are rightly concerned that Big Tech companies in Silicon Valley have
an outsized influence over the news and opinions we see on social
media platforms and in Google searches. The fact that most of these
platforms originate in some of the most liberal strongholds in the
country — Mountain View, San Francisco, and Menlo Park, California
— raises questions about whether they're either
intentionally or subconsciously putting their oversized thumbs
on the scales to promote points of view they agree with and hide
views they find odious or dangerous. A
study released today from GovPredict shows
than 90 percent of political donations by Alphabet employees went
to Democrats. This news will only amplify fears
that everything we read, see, and hear is being controlled by tech
industry employees with a left-wing political bent.
the first of a series of articles examining the political
preferences of major American companies, GovPredict looked at the
political donations of employees at Alphabet — the parent company of
Google and many of its subsidiaries, including YouTube, Nest,
Google Ventures, Calico, Adsense, Google Ventures, and Verily. The
analysis used Federal Election Commission (FEC) data on
contributions to federal candidates and causes.
question is simple: what are the political preferences of Alphabet
employees, as revealed by their political giving histories, and how
have these preferences evolved over time?" GovPredict explained in
analysts and machines first had to identify the variants of employer
name that Alphabet employees used when filing election
contributions," GovPredict said. "The final list had 233 variants,
including 'Google Ventures,' 'Nest Labs,' 'Nest at Google,' 'Verily
(Google Life Sciences),' and the like." The researchers also had to
categorize as either Democrat or Republican "the 1,105 unique
committees to which Alphabet employees have contributed over the
past decade and a half."
majority of the party tags were supplied by the FEC; others were
categorized by hand. "Organizations that might not explicitly
identify with a political party but which ideologically are
synchronized were issued with a party label," they said. For
example, the League of Conservation Voters Action Fund was
categorized as a Democratic cause. In another example, "A
contribution in 2007 to Arlen Specter was categorized as a
contribution to a Republican, since he changed party affiliation in
findings were astounding, but not at all surprising to those of us
who have been paying attention to this issue: "Since 2004, Alphabet
employees have contributed a little over 90% of their political
dollars to Democratic candidates and causes," GovPredict discovered.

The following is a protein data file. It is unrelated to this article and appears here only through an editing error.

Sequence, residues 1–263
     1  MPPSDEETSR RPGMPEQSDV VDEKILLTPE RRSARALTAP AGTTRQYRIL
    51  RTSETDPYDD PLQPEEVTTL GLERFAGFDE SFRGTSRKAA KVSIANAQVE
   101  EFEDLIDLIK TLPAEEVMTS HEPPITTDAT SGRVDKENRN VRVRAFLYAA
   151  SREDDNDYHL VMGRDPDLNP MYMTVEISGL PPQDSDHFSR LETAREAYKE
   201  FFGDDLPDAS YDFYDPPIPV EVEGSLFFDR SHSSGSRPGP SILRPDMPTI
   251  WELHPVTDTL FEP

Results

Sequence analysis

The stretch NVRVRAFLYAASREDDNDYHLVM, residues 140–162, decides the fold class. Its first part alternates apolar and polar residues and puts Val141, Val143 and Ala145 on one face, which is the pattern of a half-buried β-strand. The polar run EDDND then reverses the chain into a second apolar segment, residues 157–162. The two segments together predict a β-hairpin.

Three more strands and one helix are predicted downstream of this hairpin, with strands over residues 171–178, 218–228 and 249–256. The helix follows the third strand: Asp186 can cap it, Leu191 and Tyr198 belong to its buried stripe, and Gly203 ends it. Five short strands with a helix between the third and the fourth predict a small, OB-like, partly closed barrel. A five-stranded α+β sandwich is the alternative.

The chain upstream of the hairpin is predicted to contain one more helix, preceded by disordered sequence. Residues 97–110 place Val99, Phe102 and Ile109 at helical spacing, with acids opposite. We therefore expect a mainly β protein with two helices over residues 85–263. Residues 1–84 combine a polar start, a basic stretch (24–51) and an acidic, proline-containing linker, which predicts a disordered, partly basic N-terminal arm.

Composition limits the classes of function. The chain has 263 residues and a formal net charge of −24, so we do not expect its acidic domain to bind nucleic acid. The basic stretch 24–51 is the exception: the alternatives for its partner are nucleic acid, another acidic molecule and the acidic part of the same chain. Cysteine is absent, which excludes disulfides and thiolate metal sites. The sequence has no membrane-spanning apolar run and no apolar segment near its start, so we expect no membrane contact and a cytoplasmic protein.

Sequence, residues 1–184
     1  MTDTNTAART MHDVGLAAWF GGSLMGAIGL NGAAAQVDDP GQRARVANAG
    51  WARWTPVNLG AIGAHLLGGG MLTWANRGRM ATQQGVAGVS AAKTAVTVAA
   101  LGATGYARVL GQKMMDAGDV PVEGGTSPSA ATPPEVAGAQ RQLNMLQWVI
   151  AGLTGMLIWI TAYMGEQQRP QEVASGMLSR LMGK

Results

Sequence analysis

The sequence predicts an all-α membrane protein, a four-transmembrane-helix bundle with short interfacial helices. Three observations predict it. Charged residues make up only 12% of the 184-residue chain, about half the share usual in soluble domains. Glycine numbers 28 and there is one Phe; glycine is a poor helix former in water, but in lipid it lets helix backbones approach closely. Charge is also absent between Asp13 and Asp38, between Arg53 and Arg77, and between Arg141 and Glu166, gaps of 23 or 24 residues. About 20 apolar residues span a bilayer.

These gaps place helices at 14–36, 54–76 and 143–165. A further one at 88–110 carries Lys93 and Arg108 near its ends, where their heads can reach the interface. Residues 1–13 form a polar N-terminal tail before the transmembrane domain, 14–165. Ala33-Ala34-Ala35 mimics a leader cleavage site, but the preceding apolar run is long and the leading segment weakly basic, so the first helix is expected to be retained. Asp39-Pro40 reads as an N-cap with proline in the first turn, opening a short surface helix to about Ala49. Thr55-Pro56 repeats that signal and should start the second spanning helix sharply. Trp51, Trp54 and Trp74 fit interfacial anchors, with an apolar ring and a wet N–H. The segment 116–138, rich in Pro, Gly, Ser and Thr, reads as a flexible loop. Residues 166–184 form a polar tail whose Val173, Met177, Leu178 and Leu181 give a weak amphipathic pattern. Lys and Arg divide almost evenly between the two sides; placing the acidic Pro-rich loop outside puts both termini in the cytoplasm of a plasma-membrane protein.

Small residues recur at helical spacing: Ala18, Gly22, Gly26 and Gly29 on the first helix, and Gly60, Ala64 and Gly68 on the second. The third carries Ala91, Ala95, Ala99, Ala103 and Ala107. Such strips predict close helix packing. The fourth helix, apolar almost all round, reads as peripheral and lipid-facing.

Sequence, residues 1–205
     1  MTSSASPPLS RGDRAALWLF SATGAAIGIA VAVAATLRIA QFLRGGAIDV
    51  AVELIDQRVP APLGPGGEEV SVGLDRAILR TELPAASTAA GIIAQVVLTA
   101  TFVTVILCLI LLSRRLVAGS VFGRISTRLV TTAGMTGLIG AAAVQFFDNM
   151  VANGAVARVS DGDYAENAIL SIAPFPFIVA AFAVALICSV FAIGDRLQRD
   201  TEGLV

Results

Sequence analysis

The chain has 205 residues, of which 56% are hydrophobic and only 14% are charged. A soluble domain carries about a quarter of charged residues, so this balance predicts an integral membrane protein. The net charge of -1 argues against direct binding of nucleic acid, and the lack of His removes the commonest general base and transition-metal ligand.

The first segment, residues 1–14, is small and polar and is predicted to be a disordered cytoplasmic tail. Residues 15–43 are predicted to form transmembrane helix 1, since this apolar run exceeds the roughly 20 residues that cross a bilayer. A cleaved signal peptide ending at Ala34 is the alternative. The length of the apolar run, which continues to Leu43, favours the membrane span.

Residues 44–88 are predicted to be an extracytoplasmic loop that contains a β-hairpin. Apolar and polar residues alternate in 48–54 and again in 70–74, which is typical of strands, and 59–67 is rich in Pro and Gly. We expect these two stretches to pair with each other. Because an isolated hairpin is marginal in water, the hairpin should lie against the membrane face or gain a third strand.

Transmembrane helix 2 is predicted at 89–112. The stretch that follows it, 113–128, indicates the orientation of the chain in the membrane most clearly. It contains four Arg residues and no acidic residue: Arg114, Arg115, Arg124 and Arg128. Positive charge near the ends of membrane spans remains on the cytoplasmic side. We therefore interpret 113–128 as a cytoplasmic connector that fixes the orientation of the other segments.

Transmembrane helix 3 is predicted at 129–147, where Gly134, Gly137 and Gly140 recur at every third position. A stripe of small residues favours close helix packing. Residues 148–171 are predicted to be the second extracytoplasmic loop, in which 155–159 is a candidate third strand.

than $15 million in Alphabet employee political contributions went
to Democrat candidates and causes while a mere $1.6 million went to
Republicans between 20014 and 2017. The largest donation disparity
came in 2016 when 94 percent of contributions went to Democrats —
$5.8 million vs. $403,000, suggesting a strong reaction to President
Trump's election that prompted a flurry of donations.
has insisted over and over that they're not playing favorites.
Maggie Shiels from Google's corporate communications department
recently insisted to PJM that "Google does not manipulate results."
Charlie Martin recently explained how human
factors could skew an algorithm that determines what we see and
algorithm is nothing more than a procedure — a series of steps
that lead to a result. The word is mostly used with reference to
computer programs, but not necessarily — the way you learned to
do long division is an algorithm.
specific algorithms that are used come from the category of
"machine learning" or more broadly "artificial intelligence."
These phrases sound science-fictional and cool but the reality
is that all of these are doing something conceptually simple:
the programs get inputs, process them in various ways, and
present them to a person who says "you're getting warmer" or
"you're getting colder." This trains the program to get warmer
as often as possible.
potential weak spot here is the person in the loop. Imagine
you're Twitter and you have a machine learning algorithm you're
training to identify Nazis on Twitter. You put a person in the
loop who thinks Trump is a Nazi and anyone who says anything
favorable about Trump is a Nazi sympathizer. (They exist: I lost
a couple of friends when they called me a Nazi sympathizer for
just that reason.)
algorithm spots someone liking the tax cuts: the person says,
"he's a Nazi." The algorithm soberly notes that. It doesn't know
any better, it has no more understanding than an old-fashioned
tabulating machine understood why it put the A and B cards into
Brett Kavanagh? "He's a Nazi." In Congress with an (R) after
your name? "Oh yeah, definite Nazi."
quickly the algorithm will confidently identify any Republican,
any Trump fan, or any independent who says #MAGA, as a Nazi.